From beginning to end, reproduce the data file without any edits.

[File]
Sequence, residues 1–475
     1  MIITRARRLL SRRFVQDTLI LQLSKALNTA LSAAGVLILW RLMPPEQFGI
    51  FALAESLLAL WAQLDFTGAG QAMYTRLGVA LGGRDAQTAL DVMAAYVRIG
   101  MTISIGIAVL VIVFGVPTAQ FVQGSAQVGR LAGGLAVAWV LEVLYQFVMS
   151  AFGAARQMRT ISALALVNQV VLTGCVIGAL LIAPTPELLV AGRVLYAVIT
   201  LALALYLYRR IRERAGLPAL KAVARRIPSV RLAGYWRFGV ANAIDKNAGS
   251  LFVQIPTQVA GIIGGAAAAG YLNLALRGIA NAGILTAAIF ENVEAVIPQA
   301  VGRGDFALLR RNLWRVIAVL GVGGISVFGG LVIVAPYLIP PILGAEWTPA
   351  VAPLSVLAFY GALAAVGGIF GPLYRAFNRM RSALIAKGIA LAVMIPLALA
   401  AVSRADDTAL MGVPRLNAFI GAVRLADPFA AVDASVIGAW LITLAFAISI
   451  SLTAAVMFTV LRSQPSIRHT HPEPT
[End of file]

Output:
Sequence, residues 1–475
     1  MIITRARRLL SRRFVQDTLI LQLSKALNTA LSAAGVLILW RLMPPEQFGI
    51  FALAESLLAL WAQLDFTGAG QAMYTRLGVA LGGRDAQTAL DVMAAYVRIG
   101  MTISIGIAVL VIVFGVPTAQ FVQGSAQVGR LAGGLAVAWV LEVLYQFVMS
   151  AFGAARQMRT ISALALVNQV VLTGCVIGAL LIAPTPELLV AGRVLYAVIT
   201  LALALYLYRR IRERAGLPAL KAVARRIPSV RLAGYWRFGV ANAIDKNAGS
   251  LFVQIPTQVA GIIGGAAAAG YLNLALRGIA NAGILTAAIF ENVEAVIPQA
   301  VGRGDFALLR RNLWRVIAVL GVGGISVFGG LVIVAPYLIP PILGAEWTPA
   351  VAPLSVLAFY GALAAVGGIF GPLYRAFNRM RSALIAKGIA LAVMIPLALA
   401  AVSRADDTAL MGVPRLNAFI GAVRLADPFA AVDASVIGAW LITLAFAISI
   451  SLTAAVMFTV LRSQPSIRHT HPEPT